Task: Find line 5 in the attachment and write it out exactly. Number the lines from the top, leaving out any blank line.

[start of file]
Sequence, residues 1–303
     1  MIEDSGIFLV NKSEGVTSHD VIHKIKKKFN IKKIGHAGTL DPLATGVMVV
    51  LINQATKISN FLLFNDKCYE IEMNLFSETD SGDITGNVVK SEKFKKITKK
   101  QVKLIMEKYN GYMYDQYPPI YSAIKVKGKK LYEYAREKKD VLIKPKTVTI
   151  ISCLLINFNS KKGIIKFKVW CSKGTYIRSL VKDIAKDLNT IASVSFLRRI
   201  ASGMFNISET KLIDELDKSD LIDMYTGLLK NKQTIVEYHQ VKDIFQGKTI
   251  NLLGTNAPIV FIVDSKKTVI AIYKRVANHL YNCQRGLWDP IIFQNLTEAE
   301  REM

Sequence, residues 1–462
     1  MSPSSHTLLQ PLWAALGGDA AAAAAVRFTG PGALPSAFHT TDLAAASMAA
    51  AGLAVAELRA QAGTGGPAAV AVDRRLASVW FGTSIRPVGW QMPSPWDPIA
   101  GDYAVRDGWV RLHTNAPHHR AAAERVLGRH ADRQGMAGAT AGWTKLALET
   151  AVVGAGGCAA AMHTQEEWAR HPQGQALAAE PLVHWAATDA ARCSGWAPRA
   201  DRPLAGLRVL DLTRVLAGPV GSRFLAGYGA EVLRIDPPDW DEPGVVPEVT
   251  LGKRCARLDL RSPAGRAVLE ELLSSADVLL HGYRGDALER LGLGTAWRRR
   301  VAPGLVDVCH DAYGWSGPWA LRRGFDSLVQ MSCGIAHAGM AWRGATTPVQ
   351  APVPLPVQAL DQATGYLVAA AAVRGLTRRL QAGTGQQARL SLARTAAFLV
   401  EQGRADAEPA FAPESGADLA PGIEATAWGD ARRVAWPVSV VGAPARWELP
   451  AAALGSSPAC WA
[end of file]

   151  ISCLLINFNS KKGIIKFKVW CSKGTYIRSL VKDIAKDLNT IASVSFLRRI